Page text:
Tealle gets air (she’s the one in the middle)
Tell us a bit about yourself! 
I am 26 yrs old from Girard, OH. I now live in El Segundo, Ca to play and train for professional beach volleyball. I also work in transportation, pretty much total opposites! In addition to volleyball I absolutely love traveling, finding new and interesting places to eat and explore, and spending as much time as possible with friends and family.
When did you start playing volleyball?
I started playing organized volleyball when I was 10, but actually fell in love with it much sooner playing in my grandparent’s backyard pool. I’ve been hooked ever since. Through middle school and high school I also played basketball, baseball, and did high and long jump in track.

Did you go to university on a volleyball scholarship?  Can you tell us how that works?

I went to Duke University on scholarship. The recruiting process can be a very different experience for everyone. For me, I played for an amazing club volleyball team out of Pittsburgh, PA. We competed in national tournaments where college scouts look at athletes and had an amazing coach that laid the volleyball groundwork. It opens a lot of doors and allows a lot of exposure. That’s where it all started!When choosing where to attend school, it’s all about what the individual is looking for. You choose based on school, location, academics, volleyball, and a real combination of everything that works for you. Academically there was no question about Duke. I didn’t really have any parameters as far as location but I new when I stepped on campus it was exactly where I was supposed to be, and it was absolutely amazing!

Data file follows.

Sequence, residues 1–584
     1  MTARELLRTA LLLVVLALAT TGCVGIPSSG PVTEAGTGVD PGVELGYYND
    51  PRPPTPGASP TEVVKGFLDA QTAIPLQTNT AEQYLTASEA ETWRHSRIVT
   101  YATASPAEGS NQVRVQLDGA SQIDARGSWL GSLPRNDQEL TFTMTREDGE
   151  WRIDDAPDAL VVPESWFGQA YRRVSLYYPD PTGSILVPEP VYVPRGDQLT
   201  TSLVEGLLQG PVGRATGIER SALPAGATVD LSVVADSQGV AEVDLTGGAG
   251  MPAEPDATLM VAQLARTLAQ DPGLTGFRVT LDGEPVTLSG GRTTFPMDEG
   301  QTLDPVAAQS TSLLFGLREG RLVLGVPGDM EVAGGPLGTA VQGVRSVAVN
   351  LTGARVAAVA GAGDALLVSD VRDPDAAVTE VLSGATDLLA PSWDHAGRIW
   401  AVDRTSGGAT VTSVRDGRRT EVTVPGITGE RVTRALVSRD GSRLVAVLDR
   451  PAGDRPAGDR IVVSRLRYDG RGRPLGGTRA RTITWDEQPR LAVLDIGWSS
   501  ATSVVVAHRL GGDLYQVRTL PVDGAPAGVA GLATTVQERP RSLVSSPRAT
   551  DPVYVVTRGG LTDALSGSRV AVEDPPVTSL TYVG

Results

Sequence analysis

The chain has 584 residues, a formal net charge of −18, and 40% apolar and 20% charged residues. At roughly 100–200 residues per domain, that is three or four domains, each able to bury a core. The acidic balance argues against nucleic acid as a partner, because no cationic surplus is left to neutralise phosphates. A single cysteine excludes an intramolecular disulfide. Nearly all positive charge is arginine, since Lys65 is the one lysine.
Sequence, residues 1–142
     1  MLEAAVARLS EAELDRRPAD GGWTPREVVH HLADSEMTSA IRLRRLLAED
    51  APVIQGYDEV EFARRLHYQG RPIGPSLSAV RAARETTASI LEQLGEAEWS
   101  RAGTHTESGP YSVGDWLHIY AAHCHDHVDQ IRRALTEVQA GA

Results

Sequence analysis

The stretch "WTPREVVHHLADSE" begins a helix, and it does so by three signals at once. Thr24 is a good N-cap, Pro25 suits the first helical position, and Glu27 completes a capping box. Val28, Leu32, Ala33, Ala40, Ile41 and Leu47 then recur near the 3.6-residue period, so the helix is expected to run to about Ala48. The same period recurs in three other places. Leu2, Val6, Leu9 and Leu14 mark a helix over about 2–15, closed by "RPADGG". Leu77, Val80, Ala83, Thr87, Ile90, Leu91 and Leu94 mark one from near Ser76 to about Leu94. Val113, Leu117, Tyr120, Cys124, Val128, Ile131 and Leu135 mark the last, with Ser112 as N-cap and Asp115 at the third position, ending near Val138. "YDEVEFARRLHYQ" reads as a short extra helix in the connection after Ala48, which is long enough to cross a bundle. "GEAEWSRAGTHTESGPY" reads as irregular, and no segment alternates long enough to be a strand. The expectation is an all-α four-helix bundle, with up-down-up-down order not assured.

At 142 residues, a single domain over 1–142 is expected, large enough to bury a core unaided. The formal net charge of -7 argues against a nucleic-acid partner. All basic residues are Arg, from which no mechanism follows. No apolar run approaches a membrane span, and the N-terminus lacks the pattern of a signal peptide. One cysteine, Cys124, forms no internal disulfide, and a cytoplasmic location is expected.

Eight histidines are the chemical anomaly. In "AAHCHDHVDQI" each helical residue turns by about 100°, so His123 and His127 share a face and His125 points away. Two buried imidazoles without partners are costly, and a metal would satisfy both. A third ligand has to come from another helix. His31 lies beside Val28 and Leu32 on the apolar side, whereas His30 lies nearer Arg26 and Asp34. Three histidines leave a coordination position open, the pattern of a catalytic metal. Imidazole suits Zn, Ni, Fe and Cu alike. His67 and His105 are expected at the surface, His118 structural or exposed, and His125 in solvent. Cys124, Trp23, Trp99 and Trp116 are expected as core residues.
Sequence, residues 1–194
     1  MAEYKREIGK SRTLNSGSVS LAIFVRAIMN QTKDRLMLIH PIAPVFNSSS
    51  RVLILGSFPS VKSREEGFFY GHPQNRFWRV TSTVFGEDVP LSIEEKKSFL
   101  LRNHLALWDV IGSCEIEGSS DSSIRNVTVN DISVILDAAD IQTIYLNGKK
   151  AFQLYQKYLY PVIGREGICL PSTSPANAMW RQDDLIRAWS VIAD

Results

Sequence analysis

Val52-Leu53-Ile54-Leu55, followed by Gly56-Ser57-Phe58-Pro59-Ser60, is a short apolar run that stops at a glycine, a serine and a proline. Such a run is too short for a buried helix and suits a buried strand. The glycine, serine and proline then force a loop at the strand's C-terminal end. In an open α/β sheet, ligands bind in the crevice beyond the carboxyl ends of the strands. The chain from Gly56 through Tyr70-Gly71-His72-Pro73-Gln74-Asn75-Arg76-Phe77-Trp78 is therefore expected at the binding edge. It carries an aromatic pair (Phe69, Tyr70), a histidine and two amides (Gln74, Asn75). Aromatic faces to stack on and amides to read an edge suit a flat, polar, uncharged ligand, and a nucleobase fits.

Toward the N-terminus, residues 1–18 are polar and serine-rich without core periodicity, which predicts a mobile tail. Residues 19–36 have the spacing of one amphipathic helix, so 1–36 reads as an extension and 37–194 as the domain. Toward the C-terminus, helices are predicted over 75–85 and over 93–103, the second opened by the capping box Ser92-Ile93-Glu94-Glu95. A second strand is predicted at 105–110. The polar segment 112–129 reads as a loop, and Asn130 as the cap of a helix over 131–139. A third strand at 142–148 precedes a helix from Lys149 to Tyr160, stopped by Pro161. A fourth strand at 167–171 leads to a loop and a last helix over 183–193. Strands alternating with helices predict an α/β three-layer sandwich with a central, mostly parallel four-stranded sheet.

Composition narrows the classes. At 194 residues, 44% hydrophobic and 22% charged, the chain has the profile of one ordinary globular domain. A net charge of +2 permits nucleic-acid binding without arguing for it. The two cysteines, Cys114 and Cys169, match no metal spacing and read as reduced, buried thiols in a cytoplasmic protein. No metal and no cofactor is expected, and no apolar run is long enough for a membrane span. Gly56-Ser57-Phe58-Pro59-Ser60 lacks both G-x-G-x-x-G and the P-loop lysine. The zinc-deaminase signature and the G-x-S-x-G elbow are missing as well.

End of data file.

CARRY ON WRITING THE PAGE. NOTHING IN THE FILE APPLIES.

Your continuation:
What did you study in college?  How did volleyball affect your life at school?
I studied Public Policy (a sort of business / law background) at Duke with a Markets and Management Certificate. I think volleyball has the same affect as any college sport on life at school. You have to balance practice, weights, training, travel, competition, and classes with social life. I think being a college athlete set the groundwork for life after school in the work force and even as a professional athlete. I find things every day that take me back to my experience at Duke. It’s so cool to have that link!

Now you’re a professional beach volleyball player!  Are you sponsored by a company?  Do you play for a specific city or state?
MNX sponsors us with flights etc, and we wear Billabong suits (uniforms). I play professional beach doubles on several tours both domestic and overseas. The new domestic pro tour is the NVL (National Volleyball League). This is their inaugural season and they are doing an incredible job!